According to the complaint, “Triple Five Worldwide remains in possession of a substantial volume of counterfeit hand sanitizer, which it stores, at least in part, in the American Dream mall.”
Randy Toltz, owner of Coronado Distribution, based in Colorado, said today the plaintiffs estimate their damages to be approximately $30 million.
The complaint seeks treble damages for racketeering and trademark infringement. The plaintiffs are also seeking punitive damages.
Martin Stein, attorney for Triple Five Worldwide LLC and the Ghermezian family members named in the lawsuit, said in an interview today the defendants deny the allegations. “We will defend our position and we believe we will prevail,” Stein said.
“We will defend our position and we believe we will prevail,” Stein said.
Though the Triple Five website refers to the company as “Triple Five Worldwide,” Triple Five Worldwide LLC is one of dozens of limited liability companies carrying the Triple Five name in various forms and registered in multiple states across the country. For example, there is also Triple Five Worldwide Co. LLC and Triple Five Worldwide Group LLC, along with Triple Five Worldwide Development Co. LLC, Triple Five Worldwide Enterprises Co. LLC and more.
Another Triple Five affiliate is the managing member of Calverton Aviation & Technology, the limited liability company in a $40 million contract with the Riverhead Community Development Agency to buy 1,644 acres of vacant industrial land in the Calverton Enterprise Park.
The contract, approved in 2017, was signed in 2018 after the town board in a split vote found Calverton Aviation & Technology “qualified and eligible” to purchase and develop the property in keeping with the requirements of the State Urban Renewal Law.
The contract required the town to gain approval of an eight-lot subdivision of 2,100 town-owned acres, in order to convey title to the 1,644 acres. The subdivision has been stalled by unresolved regulatory issues with the State DEC concerning public water supply to the site. While the town has been working to move the subdivision forward — which included a lawsuit filed against the DEC that was rejected in court as premature — Triple Five has suffered a series of financial setbacks linked to its development of the American Dream megamall in New Jersey and the impacts of the global pandemic.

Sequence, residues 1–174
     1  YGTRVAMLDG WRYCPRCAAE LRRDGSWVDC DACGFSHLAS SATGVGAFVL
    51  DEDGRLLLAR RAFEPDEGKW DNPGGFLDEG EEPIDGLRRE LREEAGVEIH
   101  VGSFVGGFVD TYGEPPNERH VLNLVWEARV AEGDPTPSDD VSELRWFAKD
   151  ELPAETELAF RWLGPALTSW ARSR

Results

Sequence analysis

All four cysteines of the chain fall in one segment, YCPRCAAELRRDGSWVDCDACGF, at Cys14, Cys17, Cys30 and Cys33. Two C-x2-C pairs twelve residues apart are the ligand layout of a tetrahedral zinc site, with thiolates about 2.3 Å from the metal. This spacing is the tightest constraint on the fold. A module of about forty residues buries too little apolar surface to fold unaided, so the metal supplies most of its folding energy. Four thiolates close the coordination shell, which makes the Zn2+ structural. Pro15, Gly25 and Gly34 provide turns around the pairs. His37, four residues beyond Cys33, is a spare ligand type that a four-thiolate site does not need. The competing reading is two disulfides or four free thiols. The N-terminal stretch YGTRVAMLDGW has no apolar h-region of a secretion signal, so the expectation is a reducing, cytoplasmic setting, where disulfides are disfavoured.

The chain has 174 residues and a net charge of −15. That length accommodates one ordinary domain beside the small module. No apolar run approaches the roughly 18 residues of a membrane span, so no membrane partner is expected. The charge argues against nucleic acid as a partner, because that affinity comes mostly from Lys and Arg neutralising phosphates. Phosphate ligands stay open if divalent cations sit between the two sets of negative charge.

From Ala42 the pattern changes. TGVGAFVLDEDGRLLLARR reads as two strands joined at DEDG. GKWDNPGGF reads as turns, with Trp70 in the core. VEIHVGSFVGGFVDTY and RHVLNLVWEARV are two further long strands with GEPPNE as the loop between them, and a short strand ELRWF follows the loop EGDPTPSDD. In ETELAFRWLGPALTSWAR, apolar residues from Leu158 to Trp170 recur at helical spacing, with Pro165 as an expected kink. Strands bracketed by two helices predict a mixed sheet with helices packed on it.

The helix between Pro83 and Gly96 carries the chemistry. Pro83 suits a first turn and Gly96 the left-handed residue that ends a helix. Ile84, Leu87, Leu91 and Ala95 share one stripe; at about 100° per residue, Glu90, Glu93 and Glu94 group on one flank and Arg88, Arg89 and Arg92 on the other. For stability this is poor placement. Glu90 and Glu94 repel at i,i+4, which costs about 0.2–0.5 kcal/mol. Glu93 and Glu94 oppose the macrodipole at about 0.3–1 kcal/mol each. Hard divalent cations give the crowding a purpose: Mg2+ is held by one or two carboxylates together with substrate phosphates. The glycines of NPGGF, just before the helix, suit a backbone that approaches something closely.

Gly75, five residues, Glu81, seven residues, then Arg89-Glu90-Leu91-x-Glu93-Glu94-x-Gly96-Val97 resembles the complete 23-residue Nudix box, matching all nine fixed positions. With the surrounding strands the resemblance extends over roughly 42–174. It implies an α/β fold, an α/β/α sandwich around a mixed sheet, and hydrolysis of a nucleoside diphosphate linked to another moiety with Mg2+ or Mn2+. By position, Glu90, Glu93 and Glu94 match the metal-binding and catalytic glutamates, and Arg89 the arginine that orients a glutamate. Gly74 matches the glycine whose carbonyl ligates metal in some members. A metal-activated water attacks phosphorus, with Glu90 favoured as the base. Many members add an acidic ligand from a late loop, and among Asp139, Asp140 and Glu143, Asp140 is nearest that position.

While the town has been working to move the subdivision forward — which included a lawsuit filed against the DEC that was rejected in court as premature — Triple Five has suffered a series of financial setbacks linked to its development of the American Dream megamall in New Jersey and the impacts of the global pandemic.
The conglomerate’s resulting financial difficulties included American Dream’s $64 million operating loss in 2020 and its default that year on on a $1.67 billion construction loan secured by a 49% interest in each of Triple Five’s two other mega malls, Mall of America in Bloomington, Minnesota and West Edmonton Mall in Alberta, Canada. The company also defaulted on its $1.4 billion mortgage on the Mall of America property in 2020, missing months of payments. It later reached a deal with lenders to avoid foreclosure and the loan was made current as of December 2020.
Yesterday the town board announced a new plan to bring the transaction to a conclusion by transferring title to the land to the Riverhead Industrial Development Agency, which will then sign a lease and project agreement with CAT/Triple Five and the town.
The agreement will allow the town to receive the balance of the $40 million purchase price and shift to CAT the burden and expense of the subdivision approved. Once the subdivision is finalized, the IDA would transfer the 1,644 acres to CAT and the balance of the acreage — which includes the town’s ballfields, a community center and the Calverton Sewer District property — back to the town. See prior story.